Christmas's Lamentation

Christmas is my name, far have I gone,

Without regard; without regard.

Whereas great men by flocks there be flown,

To London-ward--to London Ward.

There they in pomp and pleasure do waste

That which Old Christmas was wonted to feast,

Well a day!

Houses where music was wont for to ring,

Nothing but bats and owlets do sing.

l a day, Well a day.

Well a day, where should I stay?

Christmas beef and bread is turn'd into stones,

Into stones and silken rags;

And Lady Money sleeps and makes moans,

And makes moans in misers' bags;

Houses where pleasures once did abound,

Nought but a dog and a shepherd is found,

Well a day!

Places where Christmas revels did keep,

Now are become habitations for sheep.

Well a day, Well a day,

Well a day, where should I stay?

Pan, the shepherds' god, doth deface,

Doth deface Lady Ceres' crown,

And the tillage doth go to decay,

To decay in every town;

Landlords their rents so highly enhance,

That Pierce, the ploughman, barefoot may dance;

Well a day!

Farmers that Christmas would still entertain,

Scarce have wherewith themselves to maintain,

Well a day, etc.

Come to the countryman, he will protest,

Will protest, and of bull-beef boast;

And, for the citizen, he is so hot,

Is so hot, he will burn the roast.

The courtier, sure good deeds will not scorn,

Nor will he see poor Christmas forlorn?

Well a day!

Since none of these good deeds will do,

Christmas had best turn courtier too,

Well a day, etc.

Pride and luxury they do devour,

Do devour house keeping quite;

And soon beggary they do beget,

Do beget in many a knight.

Madam, forsooth, in her coach must wheel

Although she wear her hose out at heel,

Well a day!

And on her back wear that for a weed,

Which me and all my fellows would feed.

Well a day, etc.

Since pride came up with the yellow starch,

Yellow starch--poor folks do want,

And nothing the rich men will to them give,

To them give, but do them taunt;

For Charity from the country is fled,

And in her place hath nought left but need;

Well a day!

And corn is grown to so high a price,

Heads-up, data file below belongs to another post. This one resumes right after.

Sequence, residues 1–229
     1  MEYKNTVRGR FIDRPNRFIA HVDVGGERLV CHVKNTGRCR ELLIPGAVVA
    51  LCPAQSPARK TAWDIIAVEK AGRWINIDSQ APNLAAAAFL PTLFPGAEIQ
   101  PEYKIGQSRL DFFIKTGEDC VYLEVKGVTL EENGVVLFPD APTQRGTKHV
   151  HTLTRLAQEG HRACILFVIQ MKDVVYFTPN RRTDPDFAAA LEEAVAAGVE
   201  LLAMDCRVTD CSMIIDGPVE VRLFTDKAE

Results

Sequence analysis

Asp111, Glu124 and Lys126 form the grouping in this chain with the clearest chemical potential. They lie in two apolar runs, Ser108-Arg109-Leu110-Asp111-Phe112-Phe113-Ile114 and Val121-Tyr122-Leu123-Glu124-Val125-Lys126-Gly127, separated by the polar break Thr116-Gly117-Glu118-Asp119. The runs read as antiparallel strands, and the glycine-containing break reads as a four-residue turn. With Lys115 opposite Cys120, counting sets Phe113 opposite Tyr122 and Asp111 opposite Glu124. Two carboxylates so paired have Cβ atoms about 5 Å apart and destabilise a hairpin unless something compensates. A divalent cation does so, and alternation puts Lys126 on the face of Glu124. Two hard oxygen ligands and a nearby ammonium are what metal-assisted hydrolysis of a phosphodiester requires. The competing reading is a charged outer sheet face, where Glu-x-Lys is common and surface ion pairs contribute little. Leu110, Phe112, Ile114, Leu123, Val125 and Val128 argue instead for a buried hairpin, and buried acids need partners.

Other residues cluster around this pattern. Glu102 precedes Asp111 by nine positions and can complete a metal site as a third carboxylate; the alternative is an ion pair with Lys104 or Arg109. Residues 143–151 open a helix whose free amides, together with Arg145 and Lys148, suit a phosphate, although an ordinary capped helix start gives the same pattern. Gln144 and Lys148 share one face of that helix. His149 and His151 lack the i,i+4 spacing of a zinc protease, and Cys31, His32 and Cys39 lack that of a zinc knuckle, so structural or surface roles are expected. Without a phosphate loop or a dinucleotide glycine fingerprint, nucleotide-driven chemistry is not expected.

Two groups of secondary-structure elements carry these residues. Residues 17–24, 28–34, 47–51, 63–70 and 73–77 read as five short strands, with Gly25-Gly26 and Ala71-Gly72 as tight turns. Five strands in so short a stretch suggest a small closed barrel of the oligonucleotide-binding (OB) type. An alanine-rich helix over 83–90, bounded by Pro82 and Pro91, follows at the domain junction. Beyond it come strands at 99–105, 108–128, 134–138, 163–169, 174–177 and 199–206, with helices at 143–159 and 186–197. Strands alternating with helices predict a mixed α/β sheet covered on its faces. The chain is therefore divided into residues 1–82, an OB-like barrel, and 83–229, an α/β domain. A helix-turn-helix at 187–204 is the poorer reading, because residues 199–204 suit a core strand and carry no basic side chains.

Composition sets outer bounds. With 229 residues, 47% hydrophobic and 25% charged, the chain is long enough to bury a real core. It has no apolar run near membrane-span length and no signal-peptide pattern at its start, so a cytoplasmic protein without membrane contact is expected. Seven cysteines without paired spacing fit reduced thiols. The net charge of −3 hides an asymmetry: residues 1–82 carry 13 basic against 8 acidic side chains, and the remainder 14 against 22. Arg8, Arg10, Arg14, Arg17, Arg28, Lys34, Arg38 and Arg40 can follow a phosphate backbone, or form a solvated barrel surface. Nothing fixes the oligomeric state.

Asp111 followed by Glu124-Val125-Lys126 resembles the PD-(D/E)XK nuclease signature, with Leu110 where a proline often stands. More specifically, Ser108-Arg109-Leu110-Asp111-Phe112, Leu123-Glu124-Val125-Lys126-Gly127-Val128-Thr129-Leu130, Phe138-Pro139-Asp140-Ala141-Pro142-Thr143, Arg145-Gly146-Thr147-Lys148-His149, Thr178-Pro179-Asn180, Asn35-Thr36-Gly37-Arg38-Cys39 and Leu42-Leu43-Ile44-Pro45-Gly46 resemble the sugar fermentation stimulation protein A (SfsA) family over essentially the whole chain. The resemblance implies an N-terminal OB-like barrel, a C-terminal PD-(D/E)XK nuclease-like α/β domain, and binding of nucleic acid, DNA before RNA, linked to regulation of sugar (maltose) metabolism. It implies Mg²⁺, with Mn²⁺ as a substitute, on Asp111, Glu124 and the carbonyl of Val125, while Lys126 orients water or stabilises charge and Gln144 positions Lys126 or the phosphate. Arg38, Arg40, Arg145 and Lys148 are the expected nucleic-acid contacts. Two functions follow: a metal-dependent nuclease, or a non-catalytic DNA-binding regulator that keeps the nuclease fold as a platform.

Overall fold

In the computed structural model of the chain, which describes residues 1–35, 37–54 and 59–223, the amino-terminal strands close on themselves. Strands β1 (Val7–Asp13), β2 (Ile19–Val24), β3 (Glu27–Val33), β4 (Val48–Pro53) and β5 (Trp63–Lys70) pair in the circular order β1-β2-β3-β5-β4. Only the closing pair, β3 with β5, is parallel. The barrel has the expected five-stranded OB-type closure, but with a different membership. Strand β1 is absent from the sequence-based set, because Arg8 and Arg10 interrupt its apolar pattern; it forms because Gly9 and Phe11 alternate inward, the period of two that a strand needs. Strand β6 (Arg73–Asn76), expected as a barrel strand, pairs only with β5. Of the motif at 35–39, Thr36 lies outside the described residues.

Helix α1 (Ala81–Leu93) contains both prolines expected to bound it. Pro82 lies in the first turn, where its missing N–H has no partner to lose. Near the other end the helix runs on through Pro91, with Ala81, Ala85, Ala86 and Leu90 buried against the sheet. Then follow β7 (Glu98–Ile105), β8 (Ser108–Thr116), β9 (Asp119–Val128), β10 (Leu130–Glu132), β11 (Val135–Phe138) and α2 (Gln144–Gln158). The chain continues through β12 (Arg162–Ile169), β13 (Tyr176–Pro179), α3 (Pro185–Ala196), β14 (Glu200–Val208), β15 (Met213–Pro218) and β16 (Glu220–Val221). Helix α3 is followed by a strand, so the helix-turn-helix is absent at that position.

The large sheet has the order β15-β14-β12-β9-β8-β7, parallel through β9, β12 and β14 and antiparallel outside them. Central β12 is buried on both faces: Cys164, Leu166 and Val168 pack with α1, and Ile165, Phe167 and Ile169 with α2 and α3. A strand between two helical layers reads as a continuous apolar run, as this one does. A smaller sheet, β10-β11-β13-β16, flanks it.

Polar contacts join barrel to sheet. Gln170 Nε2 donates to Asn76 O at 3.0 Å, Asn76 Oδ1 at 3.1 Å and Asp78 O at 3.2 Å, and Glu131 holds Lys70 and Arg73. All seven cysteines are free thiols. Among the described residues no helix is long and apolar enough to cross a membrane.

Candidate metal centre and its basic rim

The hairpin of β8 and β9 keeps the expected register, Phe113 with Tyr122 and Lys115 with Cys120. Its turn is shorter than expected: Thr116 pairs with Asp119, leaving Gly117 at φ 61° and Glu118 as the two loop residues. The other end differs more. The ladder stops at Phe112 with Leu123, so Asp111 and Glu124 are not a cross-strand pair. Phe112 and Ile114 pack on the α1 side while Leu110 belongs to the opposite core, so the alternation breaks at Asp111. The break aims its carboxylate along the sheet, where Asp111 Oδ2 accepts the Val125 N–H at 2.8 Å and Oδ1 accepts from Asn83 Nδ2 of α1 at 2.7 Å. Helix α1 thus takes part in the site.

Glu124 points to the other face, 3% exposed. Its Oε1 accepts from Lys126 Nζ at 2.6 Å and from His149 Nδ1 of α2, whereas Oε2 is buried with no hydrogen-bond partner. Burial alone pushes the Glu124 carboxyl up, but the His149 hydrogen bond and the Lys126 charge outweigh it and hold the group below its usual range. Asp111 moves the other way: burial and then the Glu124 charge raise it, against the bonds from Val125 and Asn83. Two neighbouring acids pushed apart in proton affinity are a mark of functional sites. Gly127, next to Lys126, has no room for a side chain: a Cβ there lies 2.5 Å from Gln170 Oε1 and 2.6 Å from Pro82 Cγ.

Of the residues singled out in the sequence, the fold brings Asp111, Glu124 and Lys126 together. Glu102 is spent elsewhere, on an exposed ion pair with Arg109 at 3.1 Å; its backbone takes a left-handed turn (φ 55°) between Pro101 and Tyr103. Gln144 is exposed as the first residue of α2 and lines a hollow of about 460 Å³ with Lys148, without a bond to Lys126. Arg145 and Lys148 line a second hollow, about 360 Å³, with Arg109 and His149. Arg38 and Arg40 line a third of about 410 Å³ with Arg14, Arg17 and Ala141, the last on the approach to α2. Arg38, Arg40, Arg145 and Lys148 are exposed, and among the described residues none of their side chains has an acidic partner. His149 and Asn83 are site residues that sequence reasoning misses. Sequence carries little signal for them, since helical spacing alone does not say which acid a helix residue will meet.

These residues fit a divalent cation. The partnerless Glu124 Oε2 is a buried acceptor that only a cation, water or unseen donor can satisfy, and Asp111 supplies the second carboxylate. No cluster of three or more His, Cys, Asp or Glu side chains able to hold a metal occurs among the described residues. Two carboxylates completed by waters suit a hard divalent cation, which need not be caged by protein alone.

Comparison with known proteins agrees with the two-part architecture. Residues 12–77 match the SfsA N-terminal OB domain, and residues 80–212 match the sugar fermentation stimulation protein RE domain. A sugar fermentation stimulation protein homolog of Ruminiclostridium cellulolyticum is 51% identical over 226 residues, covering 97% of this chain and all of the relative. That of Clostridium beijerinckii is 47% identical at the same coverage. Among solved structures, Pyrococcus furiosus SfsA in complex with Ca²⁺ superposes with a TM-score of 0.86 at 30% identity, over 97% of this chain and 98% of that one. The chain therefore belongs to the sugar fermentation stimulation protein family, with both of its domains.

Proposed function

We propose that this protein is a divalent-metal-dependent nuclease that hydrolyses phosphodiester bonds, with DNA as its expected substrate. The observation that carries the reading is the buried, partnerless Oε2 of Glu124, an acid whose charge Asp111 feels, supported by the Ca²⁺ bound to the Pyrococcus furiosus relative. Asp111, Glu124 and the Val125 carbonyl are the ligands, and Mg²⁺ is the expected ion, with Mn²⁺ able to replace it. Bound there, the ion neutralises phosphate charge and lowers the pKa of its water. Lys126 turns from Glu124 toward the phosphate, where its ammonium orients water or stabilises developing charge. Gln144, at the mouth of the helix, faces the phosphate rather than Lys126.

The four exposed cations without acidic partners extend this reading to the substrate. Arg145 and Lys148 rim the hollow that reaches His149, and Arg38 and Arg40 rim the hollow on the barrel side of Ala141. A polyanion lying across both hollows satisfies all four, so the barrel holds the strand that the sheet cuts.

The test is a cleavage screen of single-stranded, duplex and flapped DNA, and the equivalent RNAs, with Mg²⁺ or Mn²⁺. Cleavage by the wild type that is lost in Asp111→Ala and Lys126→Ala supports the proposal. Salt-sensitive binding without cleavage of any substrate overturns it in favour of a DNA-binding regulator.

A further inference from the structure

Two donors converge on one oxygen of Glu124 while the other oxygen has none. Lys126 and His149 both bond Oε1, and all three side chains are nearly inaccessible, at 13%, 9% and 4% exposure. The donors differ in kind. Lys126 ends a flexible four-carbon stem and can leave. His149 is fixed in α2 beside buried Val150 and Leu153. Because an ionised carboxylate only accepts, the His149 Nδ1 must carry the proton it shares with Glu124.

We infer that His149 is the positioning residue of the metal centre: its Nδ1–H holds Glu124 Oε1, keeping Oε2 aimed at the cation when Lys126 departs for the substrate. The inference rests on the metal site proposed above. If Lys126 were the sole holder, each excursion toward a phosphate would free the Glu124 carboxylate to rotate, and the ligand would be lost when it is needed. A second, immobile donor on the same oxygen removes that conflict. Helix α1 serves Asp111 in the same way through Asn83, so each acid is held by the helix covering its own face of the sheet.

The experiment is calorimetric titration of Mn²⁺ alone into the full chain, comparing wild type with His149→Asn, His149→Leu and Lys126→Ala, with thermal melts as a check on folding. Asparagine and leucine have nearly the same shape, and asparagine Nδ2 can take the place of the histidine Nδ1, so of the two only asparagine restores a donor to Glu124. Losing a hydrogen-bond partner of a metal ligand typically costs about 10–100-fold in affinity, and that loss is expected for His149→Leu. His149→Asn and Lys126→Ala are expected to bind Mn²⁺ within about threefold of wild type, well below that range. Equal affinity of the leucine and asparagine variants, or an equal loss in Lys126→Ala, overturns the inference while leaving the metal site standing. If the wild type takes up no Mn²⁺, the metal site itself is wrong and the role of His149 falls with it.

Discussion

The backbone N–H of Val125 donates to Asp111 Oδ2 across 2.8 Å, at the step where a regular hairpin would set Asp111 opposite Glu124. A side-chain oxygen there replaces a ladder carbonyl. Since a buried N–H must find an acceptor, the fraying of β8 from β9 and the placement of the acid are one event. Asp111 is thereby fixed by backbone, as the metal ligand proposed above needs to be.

It makes poor men cry with weeping eyes.

Well a day, etc.

Briefly for to end, here do I find,

I do find so great a vocation,

That most great houses seem to attain,

To attain a strong purgation;

Where purging pills such effects they have shew'd,

That forth of doors they their owners have spued;

Well a day!

And where'er Christmas comes by, and calls,

Nought now but solitary and naked walls.

Well a day, etc.

Philemon's cottage was turn'd into gold,

Into gold, for harbouring Jove:

Rich men their houses up for to keep,

For to keep, might their greatness move;

But, in the city, they say, they do live,

Where gold by handfulls away they do give;--

I'll away,

And thither, therefore, I purpose to pass,

Hoping at London to find the Golden Ass.

I'll away, I'll away,

I'll away, for here's no stay.

A little light upon this ballad may possibly be found in a letter from

John Chamberlain to Sir Dudley Carleton (21st December 1627):--Divers

lords and personages of quality have made means to be dispensed

withall for going into the Country this Christmas according to the

proclamation; but it will not be granted, so that they pack away on

all sides for fear of the worst.

As we are now getting near the attempted suppression of Christmas

under the Puritan regime, it may be as well to notice the extreme

licence to which the season's holiday and festivities had reached--and

perhaps a more flagrant case than the following can scarcely be given.

On 13th January 1626 the Commissioners of the Navy write to the Duke

of Buckingham that they have received information from persons who

have been on board the Happy Entrance in the Downs, and the

Nonsuch and Garland at Gore-end, that for these Christmas

holidays, the captains, masters, boatswains, gunners, and carpenters,

were not aboard their ships, nor gave any attendance to the service,

leaving the ships a prey to any who might have assaulted them. The

Commissioners sent down clothes for the sailors, and there were no

officers to take charge of them, and the pressed men ran away as fast

as the Commissioners sent them down. If they had beaten up and down,

they might have prevented the loss of two English ships taken by the

Dunkirkers off Yarmouth.

This, naturally, was a state of things which could not be allowed, and

on January 15 the Duke of Buckingham wrote to Sir Henry Palmer as to

the officers and men quitting their ships at Christmas time, and

called upon him presently to repair on board his own ship, and to

charge the officers of all the ships composing his fleet, not to

depart from their ships without order.